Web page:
When $681 million ended up in the personal bank account of then-Prime Minister of Malaysia Najib Razak, he thought it was a political donation from the King of Saudi Arabia. Sure, it’s strange that the King transferred such a large sum directly into Najib’s personal account as opposed to that of a government institution, and yes, such a personal donation to a foreign leader was an unprecedented move by the Saudi royals. But the late King had assured Najib that some sort of donation was coming his way, so why not over half a billion dollars? Perhaps Najib would’ve examined the transfer a little more closely if he wasn’t so accustomed to lavish gifts. Indeed, when the financial anomaly came to light and the police raided his properties, that’s what filled the nearly 300 boxes the police discovered: gifts! The 567 luxury handbags (including a $219,000 Birkin bag) stuffed with $30 million in cash, the 423 designer watches, the 234 pairs of sunglasses, 14 tiaras, and 12,000 pieces of jewelry—all gifts from friends and admirers. So of course Najib was shocked—shocked!—to discover that the $681 million that appeared in his bank account actually came not from the Saudi royals, but from 1MDB, a government-run strategic development company where he served as chairman. Poor Najib was simply the unwitting victim of a network of 1MDB officers who embezzled $4.5 billion from the fund, kept comparatively meager amounts for themselves, and then deviously planted the lion’s share of the loot in Najib’s accounts to implicate him as the mastermind behind their corruption.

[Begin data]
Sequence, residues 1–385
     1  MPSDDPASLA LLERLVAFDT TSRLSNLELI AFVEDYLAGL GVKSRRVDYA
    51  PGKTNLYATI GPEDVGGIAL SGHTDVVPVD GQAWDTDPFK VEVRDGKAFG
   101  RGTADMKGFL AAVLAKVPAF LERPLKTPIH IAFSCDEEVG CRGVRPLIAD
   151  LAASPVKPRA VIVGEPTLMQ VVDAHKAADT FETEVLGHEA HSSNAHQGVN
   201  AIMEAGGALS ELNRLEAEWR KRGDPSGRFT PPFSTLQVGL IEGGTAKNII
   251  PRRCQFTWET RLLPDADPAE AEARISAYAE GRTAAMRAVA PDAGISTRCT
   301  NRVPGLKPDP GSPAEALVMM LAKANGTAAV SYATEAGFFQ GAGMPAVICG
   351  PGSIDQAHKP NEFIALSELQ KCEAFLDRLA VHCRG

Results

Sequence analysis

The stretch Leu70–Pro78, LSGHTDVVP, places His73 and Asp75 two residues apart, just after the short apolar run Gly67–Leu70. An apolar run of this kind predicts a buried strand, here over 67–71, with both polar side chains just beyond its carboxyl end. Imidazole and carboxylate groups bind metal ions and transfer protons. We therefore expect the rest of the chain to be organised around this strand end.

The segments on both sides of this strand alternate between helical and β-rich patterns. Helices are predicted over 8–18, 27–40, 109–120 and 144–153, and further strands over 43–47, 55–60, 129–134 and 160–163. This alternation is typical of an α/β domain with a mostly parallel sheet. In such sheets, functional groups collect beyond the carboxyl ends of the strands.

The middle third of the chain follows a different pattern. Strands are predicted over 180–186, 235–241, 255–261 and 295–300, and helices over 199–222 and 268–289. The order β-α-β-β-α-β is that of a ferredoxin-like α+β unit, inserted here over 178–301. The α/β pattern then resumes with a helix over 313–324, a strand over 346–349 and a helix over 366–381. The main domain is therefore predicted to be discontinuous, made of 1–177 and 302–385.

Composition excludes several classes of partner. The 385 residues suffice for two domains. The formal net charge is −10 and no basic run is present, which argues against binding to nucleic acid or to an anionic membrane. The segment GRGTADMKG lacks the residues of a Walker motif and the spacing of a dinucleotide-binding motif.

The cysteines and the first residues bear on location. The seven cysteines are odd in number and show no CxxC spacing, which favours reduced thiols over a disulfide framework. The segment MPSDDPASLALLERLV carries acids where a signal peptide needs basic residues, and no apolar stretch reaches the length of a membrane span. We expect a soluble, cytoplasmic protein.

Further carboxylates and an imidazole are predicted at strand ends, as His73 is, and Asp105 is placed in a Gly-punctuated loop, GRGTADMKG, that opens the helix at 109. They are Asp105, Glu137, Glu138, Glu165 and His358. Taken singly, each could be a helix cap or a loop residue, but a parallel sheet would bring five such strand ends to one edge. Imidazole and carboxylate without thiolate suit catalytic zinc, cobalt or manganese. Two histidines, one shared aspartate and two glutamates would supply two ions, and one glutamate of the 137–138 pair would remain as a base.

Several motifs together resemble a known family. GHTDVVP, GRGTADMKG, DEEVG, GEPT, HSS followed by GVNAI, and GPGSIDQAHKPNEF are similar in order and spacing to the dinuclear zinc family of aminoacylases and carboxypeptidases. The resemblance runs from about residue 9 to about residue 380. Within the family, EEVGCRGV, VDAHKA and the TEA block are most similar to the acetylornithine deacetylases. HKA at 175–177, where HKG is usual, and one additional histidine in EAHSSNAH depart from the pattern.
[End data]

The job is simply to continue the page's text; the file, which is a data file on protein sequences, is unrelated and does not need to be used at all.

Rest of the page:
Unconvinced? You’re in good company. Neither was the trial court that convicted Najib last July on seven criminal charges including money laundering, criminal breach of trust, and abuse of power for his role in the 1MDB scandal, the world’s largest kleptocracy scheme. Najib faces 12 years in prison and a $49 million fine if this verdict is upheld. (And this is only the first case—he faces another 35 criminal charges in related cases.)
But alas, there is a very real possibility that Najib’s conviction will be set aside on appeal. Not because his account of how the $681 million ended up in his account has gotten any more plausible (despite Najib’s new legal strategy), but because Najib and his party—which is now back in power—are drawing out the process as best they can in order to give themselves sufficient time to subvert the judicial process and manipulate public opinion.Continue reading